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Amid omicron, Maryland must ensure convenient COVID testing on a mass scale | GUEST COMMENTARY

An employee at the ExpressCare Urgent Care Center in Forest Hill announces to the line of people waiting that the first 20 people in line are able to be tested Wednesday, Dec. 29, 2021 as the facility opens at 9am. Some people lined up as early as 6am hoping to get a COVID-19 test at the facility. (Matt Button / The Aegis)
An employee at the ExpressCare Urgent Care Center in Forest Hill announces to the line of people waiting that the first 20 people in line are able to be tested Wednesday, Dec. 29, 2021 as the facility opens at 9am. Some people lined up as early as 6am hoping to get a COVID-19 test at the facility. (Matt Button / The Aegis) (Matt Button / The Aegis/Baltimore Sun Media)

As a graduate student at Johns Hopkins University, I was required to test for COVID-19 weekly throughout this past semester. Hopkins uses a saliva PCR testing system for asymptomatic screening: participants make same-day appointments, deposit saliva into test tubes, and receive lab results through MyChart — often all within a day. As cases rose in Maryland, what initially felt like a mild annoyance in my week quickly became a welcome reassurance: The testing was fast, free, noninvasive, and I could be around loved ones and feel reasonably confident that I was likely not passing COVID-19 onto them.

It is an incredible privilege to be a part of this system, especially as testing has become so difficult to access. The current CDC testing guidance calls for a person to be tested when experiencing any COVID-19 symptoms and to be tested five days after any known exposure. Some health experts have also recommended testing before gatherings. However, at time of writing, there are no CVS testing appointments within 100 miles of my ZIP code. My health department offers only a few weekly clinics in far-flung locations, and does not return results for two to three days. The closest pharmacies are sold out of (pricey!) at-home testing kits, and distribution of free kits at my local library recently lasted only minutes before the supply ran out.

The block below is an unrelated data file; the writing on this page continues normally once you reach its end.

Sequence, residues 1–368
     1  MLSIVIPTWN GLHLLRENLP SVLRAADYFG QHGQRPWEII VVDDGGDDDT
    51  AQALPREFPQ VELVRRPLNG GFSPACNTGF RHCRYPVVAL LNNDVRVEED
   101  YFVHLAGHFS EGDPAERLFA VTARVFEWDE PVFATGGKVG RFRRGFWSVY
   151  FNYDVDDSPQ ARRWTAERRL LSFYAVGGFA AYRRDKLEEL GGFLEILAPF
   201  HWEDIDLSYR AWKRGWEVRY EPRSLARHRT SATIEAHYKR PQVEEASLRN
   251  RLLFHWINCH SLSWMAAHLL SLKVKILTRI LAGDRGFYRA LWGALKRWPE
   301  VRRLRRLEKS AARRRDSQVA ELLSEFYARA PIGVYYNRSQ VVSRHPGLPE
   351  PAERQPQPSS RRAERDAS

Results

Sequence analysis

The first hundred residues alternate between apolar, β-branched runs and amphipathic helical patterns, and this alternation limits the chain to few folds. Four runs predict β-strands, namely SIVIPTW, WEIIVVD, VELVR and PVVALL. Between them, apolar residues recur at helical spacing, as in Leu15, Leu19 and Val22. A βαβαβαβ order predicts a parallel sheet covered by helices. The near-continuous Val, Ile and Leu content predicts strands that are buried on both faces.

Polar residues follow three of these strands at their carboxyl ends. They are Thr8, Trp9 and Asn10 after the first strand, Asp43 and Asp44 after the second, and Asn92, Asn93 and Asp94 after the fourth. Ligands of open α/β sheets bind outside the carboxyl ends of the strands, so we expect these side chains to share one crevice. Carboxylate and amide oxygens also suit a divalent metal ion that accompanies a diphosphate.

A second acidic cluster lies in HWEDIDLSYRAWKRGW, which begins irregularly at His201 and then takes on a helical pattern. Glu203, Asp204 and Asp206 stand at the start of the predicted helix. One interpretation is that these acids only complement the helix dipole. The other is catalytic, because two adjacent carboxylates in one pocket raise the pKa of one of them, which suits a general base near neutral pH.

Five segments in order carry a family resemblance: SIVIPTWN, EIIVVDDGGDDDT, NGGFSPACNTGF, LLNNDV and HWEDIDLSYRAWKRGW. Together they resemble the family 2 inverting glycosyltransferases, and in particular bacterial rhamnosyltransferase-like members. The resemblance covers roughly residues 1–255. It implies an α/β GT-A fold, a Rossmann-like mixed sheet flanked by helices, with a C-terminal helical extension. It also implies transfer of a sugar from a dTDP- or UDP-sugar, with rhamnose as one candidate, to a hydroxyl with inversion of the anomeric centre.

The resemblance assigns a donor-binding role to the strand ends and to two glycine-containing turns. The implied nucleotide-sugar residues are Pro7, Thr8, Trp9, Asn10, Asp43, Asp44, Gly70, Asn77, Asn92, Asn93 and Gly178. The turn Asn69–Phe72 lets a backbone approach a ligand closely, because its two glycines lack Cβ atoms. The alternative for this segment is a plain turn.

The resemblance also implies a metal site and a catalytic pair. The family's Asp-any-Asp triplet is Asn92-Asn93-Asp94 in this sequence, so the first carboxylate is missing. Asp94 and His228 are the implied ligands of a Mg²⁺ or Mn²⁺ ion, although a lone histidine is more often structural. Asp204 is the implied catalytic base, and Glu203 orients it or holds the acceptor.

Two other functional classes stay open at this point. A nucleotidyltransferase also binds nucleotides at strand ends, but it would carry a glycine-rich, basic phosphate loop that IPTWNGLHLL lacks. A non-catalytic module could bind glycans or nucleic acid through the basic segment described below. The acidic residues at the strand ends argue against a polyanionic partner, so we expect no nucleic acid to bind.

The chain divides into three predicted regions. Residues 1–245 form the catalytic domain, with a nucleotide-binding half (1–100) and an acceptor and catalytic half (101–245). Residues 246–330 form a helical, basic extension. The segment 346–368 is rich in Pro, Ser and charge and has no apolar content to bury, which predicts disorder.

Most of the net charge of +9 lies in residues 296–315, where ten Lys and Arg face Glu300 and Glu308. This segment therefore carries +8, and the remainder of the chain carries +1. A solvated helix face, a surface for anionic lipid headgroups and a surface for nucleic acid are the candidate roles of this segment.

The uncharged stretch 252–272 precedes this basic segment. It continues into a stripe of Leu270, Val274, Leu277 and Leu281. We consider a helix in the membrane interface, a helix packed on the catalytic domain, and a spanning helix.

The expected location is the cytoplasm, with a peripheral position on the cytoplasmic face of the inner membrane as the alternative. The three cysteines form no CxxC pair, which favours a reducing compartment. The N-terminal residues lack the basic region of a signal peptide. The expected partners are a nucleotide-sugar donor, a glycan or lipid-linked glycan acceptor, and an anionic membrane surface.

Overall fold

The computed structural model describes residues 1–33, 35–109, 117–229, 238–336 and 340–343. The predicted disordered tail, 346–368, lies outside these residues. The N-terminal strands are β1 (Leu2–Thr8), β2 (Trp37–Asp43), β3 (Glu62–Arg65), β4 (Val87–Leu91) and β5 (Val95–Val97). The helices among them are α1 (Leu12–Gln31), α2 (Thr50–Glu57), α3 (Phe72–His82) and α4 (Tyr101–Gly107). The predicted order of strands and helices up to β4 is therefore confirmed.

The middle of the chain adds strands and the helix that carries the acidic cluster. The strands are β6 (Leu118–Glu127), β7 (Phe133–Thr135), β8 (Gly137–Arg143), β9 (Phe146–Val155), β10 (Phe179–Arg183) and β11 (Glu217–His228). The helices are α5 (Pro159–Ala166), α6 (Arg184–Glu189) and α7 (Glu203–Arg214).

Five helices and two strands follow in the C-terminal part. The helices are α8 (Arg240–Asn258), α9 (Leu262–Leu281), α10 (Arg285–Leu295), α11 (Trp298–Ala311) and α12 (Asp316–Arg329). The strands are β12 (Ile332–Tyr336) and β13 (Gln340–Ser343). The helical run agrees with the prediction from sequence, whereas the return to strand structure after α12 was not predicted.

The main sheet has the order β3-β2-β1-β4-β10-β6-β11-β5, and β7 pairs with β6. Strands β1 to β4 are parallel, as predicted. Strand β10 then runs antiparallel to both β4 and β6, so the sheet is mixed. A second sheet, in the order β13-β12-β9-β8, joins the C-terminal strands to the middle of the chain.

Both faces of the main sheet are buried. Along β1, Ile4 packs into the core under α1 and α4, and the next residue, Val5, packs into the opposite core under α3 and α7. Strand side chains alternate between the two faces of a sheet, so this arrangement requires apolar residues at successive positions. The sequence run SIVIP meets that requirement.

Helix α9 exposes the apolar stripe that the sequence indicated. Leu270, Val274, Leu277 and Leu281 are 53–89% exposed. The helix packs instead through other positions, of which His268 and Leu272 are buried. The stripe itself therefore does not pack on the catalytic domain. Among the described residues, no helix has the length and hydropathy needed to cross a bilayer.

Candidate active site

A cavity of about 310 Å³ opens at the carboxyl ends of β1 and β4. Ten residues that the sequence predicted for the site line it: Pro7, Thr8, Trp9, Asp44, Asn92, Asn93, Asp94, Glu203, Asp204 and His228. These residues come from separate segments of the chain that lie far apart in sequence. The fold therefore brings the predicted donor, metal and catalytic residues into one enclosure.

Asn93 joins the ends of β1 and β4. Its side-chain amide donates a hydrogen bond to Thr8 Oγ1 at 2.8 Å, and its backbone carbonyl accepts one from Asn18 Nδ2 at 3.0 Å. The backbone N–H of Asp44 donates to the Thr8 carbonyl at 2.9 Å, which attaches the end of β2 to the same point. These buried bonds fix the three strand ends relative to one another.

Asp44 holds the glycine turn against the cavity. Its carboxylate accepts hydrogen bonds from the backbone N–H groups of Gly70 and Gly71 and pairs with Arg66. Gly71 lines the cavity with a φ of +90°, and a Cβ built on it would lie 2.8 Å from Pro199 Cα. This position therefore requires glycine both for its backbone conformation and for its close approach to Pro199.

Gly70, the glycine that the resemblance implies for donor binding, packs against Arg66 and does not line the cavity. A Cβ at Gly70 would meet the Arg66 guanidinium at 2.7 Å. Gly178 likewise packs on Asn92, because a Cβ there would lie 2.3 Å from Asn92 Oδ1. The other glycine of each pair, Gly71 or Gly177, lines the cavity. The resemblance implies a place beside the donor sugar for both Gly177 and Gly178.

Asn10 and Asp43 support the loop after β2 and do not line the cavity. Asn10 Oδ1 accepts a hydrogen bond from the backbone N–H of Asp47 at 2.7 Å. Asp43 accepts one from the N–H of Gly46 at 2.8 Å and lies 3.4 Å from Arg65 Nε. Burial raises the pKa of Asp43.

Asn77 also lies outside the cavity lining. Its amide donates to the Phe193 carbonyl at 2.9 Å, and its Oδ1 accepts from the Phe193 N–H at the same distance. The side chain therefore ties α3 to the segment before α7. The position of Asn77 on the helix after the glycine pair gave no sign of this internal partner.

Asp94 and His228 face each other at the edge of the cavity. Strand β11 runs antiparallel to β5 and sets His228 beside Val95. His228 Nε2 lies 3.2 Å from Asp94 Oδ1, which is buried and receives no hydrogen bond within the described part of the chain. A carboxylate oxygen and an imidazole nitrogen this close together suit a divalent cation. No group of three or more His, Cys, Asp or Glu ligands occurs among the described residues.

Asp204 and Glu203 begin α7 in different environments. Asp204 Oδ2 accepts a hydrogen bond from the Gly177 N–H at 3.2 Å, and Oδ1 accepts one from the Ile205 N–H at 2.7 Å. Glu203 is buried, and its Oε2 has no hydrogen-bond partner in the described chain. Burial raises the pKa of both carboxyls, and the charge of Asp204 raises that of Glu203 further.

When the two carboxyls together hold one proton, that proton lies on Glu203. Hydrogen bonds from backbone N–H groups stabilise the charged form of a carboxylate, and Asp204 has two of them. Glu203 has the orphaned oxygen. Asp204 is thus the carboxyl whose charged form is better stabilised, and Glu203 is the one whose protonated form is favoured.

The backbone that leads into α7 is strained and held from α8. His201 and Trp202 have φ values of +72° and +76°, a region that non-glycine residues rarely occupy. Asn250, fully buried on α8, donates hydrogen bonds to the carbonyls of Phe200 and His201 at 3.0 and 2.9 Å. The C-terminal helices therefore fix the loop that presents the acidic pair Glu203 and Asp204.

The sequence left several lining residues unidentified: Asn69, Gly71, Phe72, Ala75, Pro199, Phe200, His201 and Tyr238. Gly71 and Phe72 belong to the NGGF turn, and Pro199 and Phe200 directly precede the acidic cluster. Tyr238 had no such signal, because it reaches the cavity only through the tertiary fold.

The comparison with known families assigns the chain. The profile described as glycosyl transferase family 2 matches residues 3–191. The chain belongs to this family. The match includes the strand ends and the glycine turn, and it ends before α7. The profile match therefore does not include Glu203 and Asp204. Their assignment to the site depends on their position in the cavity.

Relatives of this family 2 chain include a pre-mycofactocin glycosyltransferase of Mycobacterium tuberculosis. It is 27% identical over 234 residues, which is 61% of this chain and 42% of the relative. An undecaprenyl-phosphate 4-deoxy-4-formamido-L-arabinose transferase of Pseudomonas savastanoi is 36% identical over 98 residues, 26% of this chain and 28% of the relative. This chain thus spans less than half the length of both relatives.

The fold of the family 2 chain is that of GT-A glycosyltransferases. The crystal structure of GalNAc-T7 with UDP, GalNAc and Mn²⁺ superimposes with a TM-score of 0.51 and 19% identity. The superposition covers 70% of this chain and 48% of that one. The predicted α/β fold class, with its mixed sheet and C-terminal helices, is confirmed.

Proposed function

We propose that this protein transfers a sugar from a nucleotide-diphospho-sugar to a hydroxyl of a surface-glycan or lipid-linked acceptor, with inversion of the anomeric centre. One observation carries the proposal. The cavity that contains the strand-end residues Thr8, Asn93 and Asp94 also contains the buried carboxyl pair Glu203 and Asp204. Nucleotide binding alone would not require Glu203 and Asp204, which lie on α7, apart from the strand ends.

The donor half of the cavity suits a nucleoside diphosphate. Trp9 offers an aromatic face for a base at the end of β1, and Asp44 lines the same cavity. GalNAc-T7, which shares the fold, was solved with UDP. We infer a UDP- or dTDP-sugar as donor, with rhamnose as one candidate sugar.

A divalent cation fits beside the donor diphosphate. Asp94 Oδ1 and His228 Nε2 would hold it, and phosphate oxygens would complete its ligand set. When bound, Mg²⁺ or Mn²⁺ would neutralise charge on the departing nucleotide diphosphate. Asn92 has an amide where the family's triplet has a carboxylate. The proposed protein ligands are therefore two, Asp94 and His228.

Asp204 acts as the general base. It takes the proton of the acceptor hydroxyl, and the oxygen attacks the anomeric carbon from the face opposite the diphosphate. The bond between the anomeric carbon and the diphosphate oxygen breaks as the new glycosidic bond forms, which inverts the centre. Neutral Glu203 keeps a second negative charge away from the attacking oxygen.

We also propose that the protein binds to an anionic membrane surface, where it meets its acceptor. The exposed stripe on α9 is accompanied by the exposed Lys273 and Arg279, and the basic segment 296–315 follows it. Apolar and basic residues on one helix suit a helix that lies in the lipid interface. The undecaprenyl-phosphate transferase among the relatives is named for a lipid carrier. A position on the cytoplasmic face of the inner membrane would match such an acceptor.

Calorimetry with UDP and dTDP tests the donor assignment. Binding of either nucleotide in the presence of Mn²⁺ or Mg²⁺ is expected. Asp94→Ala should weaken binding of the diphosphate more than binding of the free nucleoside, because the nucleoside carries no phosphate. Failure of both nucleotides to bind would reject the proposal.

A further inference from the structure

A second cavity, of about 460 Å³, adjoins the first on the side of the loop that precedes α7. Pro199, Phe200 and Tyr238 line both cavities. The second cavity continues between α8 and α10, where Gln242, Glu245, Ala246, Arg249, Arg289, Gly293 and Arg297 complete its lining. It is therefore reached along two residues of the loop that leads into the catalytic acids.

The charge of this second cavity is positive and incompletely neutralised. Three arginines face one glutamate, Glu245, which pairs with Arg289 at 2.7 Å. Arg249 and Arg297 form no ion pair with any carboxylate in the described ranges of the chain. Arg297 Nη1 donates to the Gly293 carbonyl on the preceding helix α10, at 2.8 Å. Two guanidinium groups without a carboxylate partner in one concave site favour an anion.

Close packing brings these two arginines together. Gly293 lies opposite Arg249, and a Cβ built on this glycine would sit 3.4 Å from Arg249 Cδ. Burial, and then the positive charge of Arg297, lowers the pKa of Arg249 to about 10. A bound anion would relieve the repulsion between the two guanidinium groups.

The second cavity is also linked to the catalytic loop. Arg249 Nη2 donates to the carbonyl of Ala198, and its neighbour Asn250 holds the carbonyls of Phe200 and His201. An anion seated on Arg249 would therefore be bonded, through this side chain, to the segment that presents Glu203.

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When my husband needed a test on a Sunday at the beginning of December, he waited for hours at an urgent care facility — a luxury of time that most people simply do not have. The problem only worsened throughout the month as the spread of the omicron variant hastened and holidays neared.

It is not reasonable to expect compliance with CDC testing guidelines or for people to screen before social gatherings when getting tested is this difficult. It is crucial that testing be easy, free and accessible, or some people will not have the time, resources or ability to comply, exacerbating existing COVID-19 disparities. In foregoing testing, these individuals may be unaware of their infection, may not seek medical attention until their symptoms are severe and, of course, may also spread the virus to others.

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As a student of health behavior, I have learned that people are more likely to follow health guidance when it is convenient and when they already have a plan in place for how they will do so. In an ideal scenario, people would already know where to get an at-home test before they need it, or where to go for testing and what to expect once there. It would be local and efficient, such as drive-through testing that has you in and out in minutes. Testing that can be done as quickly as a Starbucks run, that can fit in between school drop-offs and commuting to work, that is reliable and culturally competent and that reports results quickly. And of paramount importance: It would be free.

In fact, Marylanders already experienced this sort of testing system earlier in the pandemic, when governing public health bodies had the political will and resources to make this ideal scenario a reality. In January 2021, I witnessed it myself: I received a PCR test at the Timonium Fairgrounds with a next-day appointment and without having to leave my car. When did Maryland abandon these large-scale testing efforts as one of our many resources to end this pandemic? What lessons have we learned since that could help us build out from and improve upon them?

Several state-run COVID-19 testing sites have now opened. More are needed. Together with vaccinations and masking, scaling up testing is a crucial step in the fight against the spread of the omicron variant and beyond. Maryland needs to expand large-scale, accessible, convenient COVID-19 testing. We owe it to ourselves and all the time together we have lost over the past two years to fully employ every tool at our disposal if we are ever to put the worst waves of COVID-19 behind us.

Laura E. Kroart (lkroart1@jhu.edu) is a doctoral candidate in the Department of Health, Behavior & Society at the Johns Hopkins Bloomberg School of Public Health.

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